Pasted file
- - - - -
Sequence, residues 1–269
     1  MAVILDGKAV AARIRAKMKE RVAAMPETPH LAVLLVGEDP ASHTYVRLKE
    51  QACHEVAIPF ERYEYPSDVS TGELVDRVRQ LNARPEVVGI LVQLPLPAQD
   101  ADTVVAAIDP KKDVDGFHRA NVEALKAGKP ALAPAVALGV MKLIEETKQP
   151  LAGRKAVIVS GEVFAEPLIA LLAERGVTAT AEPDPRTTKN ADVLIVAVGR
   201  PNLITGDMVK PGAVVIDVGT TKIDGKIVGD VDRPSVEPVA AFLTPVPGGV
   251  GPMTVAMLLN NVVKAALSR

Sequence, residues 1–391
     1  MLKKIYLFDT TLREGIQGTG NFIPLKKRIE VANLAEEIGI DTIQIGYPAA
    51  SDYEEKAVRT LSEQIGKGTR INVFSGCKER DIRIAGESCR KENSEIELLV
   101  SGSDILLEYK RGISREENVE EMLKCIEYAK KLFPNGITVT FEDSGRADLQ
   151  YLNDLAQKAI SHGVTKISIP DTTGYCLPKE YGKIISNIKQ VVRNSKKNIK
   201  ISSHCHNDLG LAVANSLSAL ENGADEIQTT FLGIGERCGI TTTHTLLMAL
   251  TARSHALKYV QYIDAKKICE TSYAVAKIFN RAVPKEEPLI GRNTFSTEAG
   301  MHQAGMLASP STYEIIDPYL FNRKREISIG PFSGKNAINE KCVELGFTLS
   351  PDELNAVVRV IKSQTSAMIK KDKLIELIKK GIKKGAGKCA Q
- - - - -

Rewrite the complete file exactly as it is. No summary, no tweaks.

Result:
Sequence, residues 1–269
     1  MAVILDGKAV AARIRAKMKE RVAAMPETPH LAVLLVGEDP ASHTYVRLKE
    51  QACHEVAIPF ERYEYPSDVS TGELVDRVRQ LNARPEVVGI LVQLPLPAQD
   101  ADTVVAAIDP KKDVDGFHRA NVEALKAGKP ALAPAVALGV MKLIEETKQP
   151  LAGRKAVIVS GEVFAEPLIA LLAERGVTAT AEPDPRTTKN ADVLIVAVGR
   201  PNLITGDMVK PGAVVIDVGT TKIDGKIVGD VDRPSVEPVA AFLTPVPGGV
   251  GPMTVAMLLN NVVKAALSR

Sequence, residues 1–391
     1  MLKKIYLFDT TLREGIQGTG NFIPLKKRIE VANLAEEIGI DTIQIGYPAA
    51  SDYEEKAVRT LSEQIGKGTR INVFSGCKER DIRIAGESCR KENSEIELLV
   101  SGSDILLEYK RGISREENVE EMLKCIEYAK KLFPNGITVT FEDSGRADLQ
   151  YLNDLAQKAI SHGVTKISIP DTTGYCLPKE YGKIISNIKQ VVRNSKKNIK
   201  ISSHCHNDLG LAVANSLSAL ENGADEIQTT FLGIGERCGI TTTHTLLMAL
   251  TARSHALKYV QYIDAKKICE TSYAVAKIFN RAVPKEEPLI GRNTFSTEAG
   301  MHQAGMLASP STYEIIDPYL FNRKREISIG PFSGKNAINE KCVELGFTLS
   351  PDELNAVVRV IKSQTSAMIK KDKLIELIKK GIKKGAGKCA Q